HmaxUR: TS (total score) of AL (acceptable level),

  • *maxURj: AL (acceptable level) of HEj (harmful effect) normalized to 1

Figure 7: Acceptable Level of Harmful Effect Normalized to 1

Step 6: Estimation of the ideality index of each design proposal

Calculate the ideality index of each design proposal based on the total score of each design proposal to be estimated from Step 5.

IkII (ideality index) of DPk (design proposal)

Figure 8: Ideality Index of Design Proposal

Min I: DL (desiring level) of II (ideality index)

Example: Evaluation of Three Types of Paper Cups for Coffee1,3

Making two types of hierarchy structure diagrams according to Step 1

Two types of hierarchy structure diagrams were drawn that focus on a paper cup for drinking coffee while walking – a mobile paper cup. One hierarchy structure diagram is for useful functions (shown in Figure 9) and another hierarchy structure diagram is for HFs (shown in Figure 10).

Figure 9: Hierarchy Structure Diagram for Useful Functions of a Mobile Paper Cup

Figure 10: Hierarchy Structure Diagram for Reduction of Harmful Effects of a Mobile Paper Cup

The hierarchy structure diagram for useful functions is the diagram showing the required useful functions of a mobile paper cup. On the other hand, the hierarchy structure diagram for harmful effects is the one showing the predictable side effects.

The objective of making these hierarchy structure diagrams is to evaluate each design proposal (or alternative of a mobile paper cup) rationally at the next step or later (Steps 2 through 6).

Figures 11, 12 and 13 illustrate the three design proposals (alternatives of a mobile paper cup) for evaluating the ideality index:

Figure 11: Paper Cup with Solo Lid and Insulating Sleeve
(Design Proposal 1)

Figure 12: Paper Cup with Lid and Assist Handle (Design Proposal 2)

Figure 13: Paper Cup with Lid (Design Proposal 3)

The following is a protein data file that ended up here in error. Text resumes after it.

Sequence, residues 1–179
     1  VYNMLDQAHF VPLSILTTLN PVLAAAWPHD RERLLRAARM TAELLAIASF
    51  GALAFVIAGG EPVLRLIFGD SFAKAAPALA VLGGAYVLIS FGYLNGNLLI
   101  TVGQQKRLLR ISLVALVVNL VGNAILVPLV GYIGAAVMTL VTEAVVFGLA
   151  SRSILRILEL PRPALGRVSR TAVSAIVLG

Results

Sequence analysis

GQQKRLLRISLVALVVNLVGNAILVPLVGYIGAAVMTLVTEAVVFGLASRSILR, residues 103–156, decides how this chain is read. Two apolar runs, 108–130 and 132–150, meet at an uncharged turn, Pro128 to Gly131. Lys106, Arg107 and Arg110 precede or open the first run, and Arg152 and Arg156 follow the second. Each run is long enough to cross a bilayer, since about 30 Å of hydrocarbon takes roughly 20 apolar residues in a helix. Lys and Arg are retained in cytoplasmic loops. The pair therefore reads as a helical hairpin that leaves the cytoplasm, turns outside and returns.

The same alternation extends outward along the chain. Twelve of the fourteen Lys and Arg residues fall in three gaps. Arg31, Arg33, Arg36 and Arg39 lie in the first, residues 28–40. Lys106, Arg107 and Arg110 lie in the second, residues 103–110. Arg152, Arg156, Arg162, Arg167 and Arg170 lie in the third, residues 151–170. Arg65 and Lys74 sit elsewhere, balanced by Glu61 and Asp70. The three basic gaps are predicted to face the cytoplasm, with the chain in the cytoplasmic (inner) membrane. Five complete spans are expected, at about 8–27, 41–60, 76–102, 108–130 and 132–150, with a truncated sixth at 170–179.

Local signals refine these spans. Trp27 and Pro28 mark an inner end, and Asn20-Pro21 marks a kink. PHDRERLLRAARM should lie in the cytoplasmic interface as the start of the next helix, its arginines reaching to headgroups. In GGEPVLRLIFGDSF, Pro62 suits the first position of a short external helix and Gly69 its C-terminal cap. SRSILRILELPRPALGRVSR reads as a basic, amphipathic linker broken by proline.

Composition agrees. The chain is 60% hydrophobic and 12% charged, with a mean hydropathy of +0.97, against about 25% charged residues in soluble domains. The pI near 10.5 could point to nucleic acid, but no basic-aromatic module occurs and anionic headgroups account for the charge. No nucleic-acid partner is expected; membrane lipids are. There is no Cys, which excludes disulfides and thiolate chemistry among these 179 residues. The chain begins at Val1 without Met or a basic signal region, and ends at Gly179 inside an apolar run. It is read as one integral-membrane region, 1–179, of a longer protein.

Estimating weight of each useful function and harmful effect according to Step 2

When estimating the weight of each useful function and harmful effect use the AHP (relative measurement approach).5 In order to use the analytic hierarchy process (AHP) correctly, keep in mind the meaning of weight for useful functions and harmful effects. The weight of each useful function is the level of importance for users (customers). It is the estimated weight of each useful function from a useful function improvement standpoint. The weight of each harmful effect is the reduction of harmful effects; it is the degree of incidence against the users.

A paired comparison of judgments from the AHP is applied by homogeneous elements. For example, a series of useful functions and harmful effects are homogeneous elements of the hierarchy structure diagram for useful functions and harmful effects (shown in Figures 9 and 10). The fundamental scale of absolute values for representing the intensities of judgments is shown in Table 1.

Table 1: The Fundamental Scale6
Intensity of ImportanceDefinition
1Equal importance
2Weak
3Moderate importance
4Moderate plus
5Strong importance
6Strong plus